Over 2,000 Children Referred to Government’s Counter-Terror Programme — Including 500 Girls, Figures Show
Kate McCann, Telegraph, November 9, 2017
More than 2,000 children and teenagers were referred to the Government’s counter-terrorism programme in 2015/16 — including more than 500 girls.
The first detailed Home Office figures revealed that nearly a third of all those referred to the Prevent scheme were under the age of 15, and over half under the age of 20.
However the figures also show that just one in 20 of those referred receive specialist support to help deradicalise them, and 16 per cent of those drop out of the voluntary scheme.
In one case, a nine year-old boy was referred to Prevent by his teacher after he stood up in class and announced he supported Isis.
Experts said children as young as five or six have been sent for help because of their older siblings’ involvement in terror activity, including some who traveled abroad to Syria and Iraq.
More youngsters are being reported than ever before after teachers were given specialist training to identify the signs of radicalisation, although some mentors involved in the scheme said increasing numbers of autistic children are being referred.
The numbers have raised questions about how children and teenagers are being affected by access to online extremism including terror videos on YouTube.
Amber Rudd the Home Secretary is currently in America meeting social media giants in a bid to curb the level of extreme and illegal content online.
The figures released today show that many of the 1,072 people who were deemed to need help to stop them getting involved in terrorism were referred for mental health treatment, while only 381 actually got specialist support.
Over 60 people dropped out without finishing the voluntary programme and the Home Office was unable to provide figures for how many became involved in terrorism further down the line.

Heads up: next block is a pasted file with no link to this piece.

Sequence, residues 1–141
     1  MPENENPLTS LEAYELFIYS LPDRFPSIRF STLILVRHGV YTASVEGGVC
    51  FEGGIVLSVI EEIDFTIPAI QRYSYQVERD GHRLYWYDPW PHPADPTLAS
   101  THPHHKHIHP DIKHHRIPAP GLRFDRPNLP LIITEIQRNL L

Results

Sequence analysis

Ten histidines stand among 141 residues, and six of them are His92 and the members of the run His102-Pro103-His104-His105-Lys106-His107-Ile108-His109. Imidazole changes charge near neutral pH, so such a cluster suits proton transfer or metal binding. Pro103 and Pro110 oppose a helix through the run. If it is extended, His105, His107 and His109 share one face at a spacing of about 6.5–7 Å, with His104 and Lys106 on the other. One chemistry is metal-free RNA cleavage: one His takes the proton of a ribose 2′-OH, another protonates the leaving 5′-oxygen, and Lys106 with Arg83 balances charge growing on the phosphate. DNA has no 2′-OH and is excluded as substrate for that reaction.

Prevent aims to reduce the threat to the UK by stopping people being drawn into terrorism.
The initiative is part of the Government’s overarching counter-terror strategy known as Contest, which was first drawn up in 2003.
Anyone who is concerned about a person they think may be at risk of radicalisation can refer them to Prevent.
Only a small percentage of referrals are ultimately deemed to require intervention in the anti-extremism sphere.
When authorities conclude there is a risk relating to extremism, the individual can be given support through the Channel scheme.
The new Home Office report on the 7,631 referrals to Prevent in 2015/16 show:
- 2,766 (36%) left the process requiring no further action
- 3,793 (50%) were “signposted” to alternative services
- 1,072 (14%) were assessed as suitable to be discussed at a multi-agency Channel panel
Of the 381 cases which subsequently received support through the programme, 108 were under 15.
The Home Office said that of those who have left the Channel process, more than four in five were judged to have had their vulnerability to being drawn into terrorism reduced.
Almost 5,000, or just under two-thirds, of referrals in 2015/16 related to concerns about Islamist extremism while 759 (10%) were linked to right-wing extremism.
Of the 4,997 referred over Islamist extremism, three in 10 were under 15, the data shows.
The largest proportion referred in relation to Islamist concerns were from London, at 28%.
Of those flagged up over right-wing extremism the largest proportion were from the North East at 21%. Those referred over right-wing concerns were proportionately more likely to receive Channel support.
Prevent has repeatedly come under fire, with critics labelling it heavy-handed and “toxic” amid claims it unfairly focuses on the Muslim community.
But police and ministers say it is a crucial plank of wider counter-extremism efforts.
The programme has been credited with playing a role in disrupting more than 150 attempted journeys to the conflicts in Iraq and Syria.
In July 2015, authorities including councils and schools were placed under a statutory requirement, known as the Prevent duty, to stop people being drawn into terrorism.
The figures show a sharp jump in referrals following the introduction of the duty, while officials say the increase may also have been linked to the Paris attacks in November 2015.